How Transparency in Service Organizations is Changing the Game
Recently, I had a pretty unpleasant experience with a security provider that made me realize the importance of an equitable pricing strategy.
One Man’s Trash is Another Man’s Treasure: The Perception of Value
Before taking a deep dive, let’s get our feet wet and assess the fundamentals of our mercantile world. The idea of money dates back to the issues that arose through the barter system when people couldn’t agree on the worth of goods and services in exchanges or didn’t have any desired commodities to complete the transaction. As such, the concept of purchase implies that someone will spend a given amount of money in exchange for a good or service that they perceive carries a certain value.
Some may perceive purchasing a service as a time-saving investment, adhering to the common metaphor, “time is worth money”. Others may see a competitive advantage in introducing knowledgeable expertise and benefiting from a faster, greater chance of success. Irrespective of the rationale, there is always an evaluation of the perceived value of the service.
Perceived value can also be impacted by context. These days are a great example of that, with the shortage that the world is experiencing on different fronts. This can be seen within the automotive industry. From my perspective, the value of a given car is the same. However, during a time of shortage, if I need a new car, I might attribute more value to a brand that is currently available than I normally would, due to the perceived added value of immediate possession.
To summarize: Consumers purchase based on individually perceived value. This can be impacted by external factors, such as how the delivery of a good or service affects this perception of value, as well as the intrinsic value of the good or service.
A Red Flag: Inseparability and the Subscription Model
The four most prominent characteristics of a service are:
- Intangibility: Intangibility implies that services cannot be experienced or consumed before the point of purchase
- Inseparability: Services cannot be separated from their providers.
- Perishability: Unlike physical goods, services cannot be stored or inventoried for later sale or use
- Variability: The quality of the service depends on the service personnel providing them, as well as where, when, and how. Service quality is difficult to manage or standardize.
Any pricing strategy that doesn’t follow the principles defining a service is trying to tweak the idea of a service to increase profits without providing any tangible value to the consumer. This is especially true when this model is used in the professional services industry.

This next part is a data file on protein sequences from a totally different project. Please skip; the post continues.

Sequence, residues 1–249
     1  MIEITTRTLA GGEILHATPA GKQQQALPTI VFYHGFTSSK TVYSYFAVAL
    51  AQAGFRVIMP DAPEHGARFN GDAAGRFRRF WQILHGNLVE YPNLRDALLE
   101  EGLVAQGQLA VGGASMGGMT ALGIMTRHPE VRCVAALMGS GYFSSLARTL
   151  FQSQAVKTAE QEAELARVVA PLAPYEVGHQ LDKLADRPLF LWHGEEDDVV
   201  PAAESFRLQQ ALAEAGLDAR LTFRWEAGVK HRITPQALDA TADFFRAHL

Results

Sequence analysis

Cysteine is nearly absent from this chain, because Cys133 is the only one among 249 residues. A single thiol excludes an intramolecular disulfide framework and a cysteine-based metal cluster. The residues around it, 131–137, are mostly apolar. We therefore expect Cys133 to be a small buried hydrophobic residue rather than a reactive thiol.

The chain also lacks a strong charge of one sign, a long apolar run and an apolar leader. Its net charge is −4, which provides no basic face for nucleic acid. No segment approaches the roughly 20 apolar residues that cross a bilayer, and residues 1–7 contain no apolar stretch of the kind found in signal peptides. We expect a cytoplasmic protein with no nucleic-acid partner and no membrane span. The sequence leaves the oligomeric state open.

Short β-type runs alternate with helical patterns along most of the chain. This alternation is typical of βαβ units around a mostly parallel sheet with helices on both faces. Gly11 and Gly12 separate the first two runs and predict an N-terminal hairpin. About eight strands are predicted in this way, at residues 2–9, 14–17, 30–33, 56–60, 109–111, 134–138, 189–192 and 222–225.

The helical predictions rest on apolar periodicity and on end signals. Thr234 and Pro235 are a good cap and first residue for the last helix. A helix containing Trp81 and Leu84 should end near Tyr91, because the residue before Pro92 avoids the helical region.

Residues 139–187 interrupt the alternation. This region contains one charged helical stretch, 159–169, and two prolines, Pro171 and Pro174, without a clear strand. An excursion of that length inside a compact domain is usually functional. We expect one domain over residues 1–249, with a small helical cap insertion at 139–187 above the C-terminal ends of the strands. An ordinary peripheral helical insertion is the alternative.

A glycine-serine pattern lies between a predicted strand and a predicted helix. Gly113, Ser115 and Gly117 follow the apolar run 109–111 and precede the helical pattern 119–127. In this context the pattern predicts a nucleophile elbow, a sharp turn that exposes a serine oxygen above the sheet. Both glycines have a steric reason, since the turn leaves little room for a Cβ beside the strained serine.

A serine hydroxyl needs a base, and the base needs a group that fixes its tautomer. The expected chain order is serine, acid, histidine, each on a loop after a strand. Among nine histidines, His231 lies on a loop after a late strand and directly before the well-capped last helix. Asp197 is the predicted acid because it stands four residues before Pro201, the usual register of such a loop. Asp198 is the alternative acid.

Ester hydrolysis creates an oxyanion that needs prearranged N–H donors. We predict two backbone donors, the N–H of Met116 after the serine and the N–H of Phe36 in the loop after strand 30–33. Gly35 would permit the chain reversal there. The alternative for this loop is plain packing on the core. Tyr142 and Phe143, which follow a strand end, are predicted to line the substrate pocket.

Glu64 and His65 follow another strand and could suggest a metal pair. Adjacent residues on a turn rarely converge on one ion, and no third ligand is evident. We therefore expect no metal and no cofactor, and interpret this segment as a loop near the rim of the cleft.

Let’s focus on “inseparability” and its relationship to the subscription pricing model. When purchasing goods, production and consumption are discrete processes. For example, people would find it completely ridiculous to pay for a restaurant meal they didn’t consume or for a car they never received. Alternatively, why is it that many find it normal to pay for services that were not rendered when it’s in the form of a lump sum amount – or so-called “subscription”?
Is a Subscription-Based Pricing Model the Way to Go?
Let’s circle back to the recent bad experience I had. Over the last few years, legislation has forced businesses to adapt and restructure their strategies to ensure compliance with industry regulations. For midsize companies, such as Big Bang, being aware of the legislation available and establishing effective procedures to ensure compliance has been a hot topic. Depending on the sector, this is something that is most often better handled by external providers.
The advisory service we chose to work with was priced as a subscription service. Under this agreement, the work to be done was conditional on changes in legislation or ad-hoc requests for support on our side. Meanwhile, the price and invoicing were fixed regardless of whether their services were used or not! To say I was utterly surprised would be an understatement. It was like paying for an annual gym membership, only to use the shower a couple of times a year – but much more expensive. And I don’t mean a “couple hundred dollars per month” more expensive, I’m talking about sums that amount to hiring a full-time in-house specialist and paying them a hefty annual salary.
Pricing Strategy in the PS Industry
The fairest pricing strategy for professional services, respecting the interest of both the provider and the customer, is that of time and material, a.k.a a pay-as-you-go-pay-as-you-use strategy. This way, the customer is only being invoiced and required to pay as they are benefiting from the value they receive. In most cases, if the value of time spent is not perceived as expected, the customer even can have specific discussions on the matter.
All in all, the problem with pricing strategy is not the actual cost of the service, but rather how that price is linked to the delivery of its value. It’s important to be transparent about fees and invoicing to build a strong, trusting relationship with the customer. This is why at Big Bang, we suggest our clients go with the time-and-material statements of work. We bill for the time worked, nothing more. If a customer is technical and willing to participate, the project can be completed in fewer hours than estimated, which is then reflected in the invoice.
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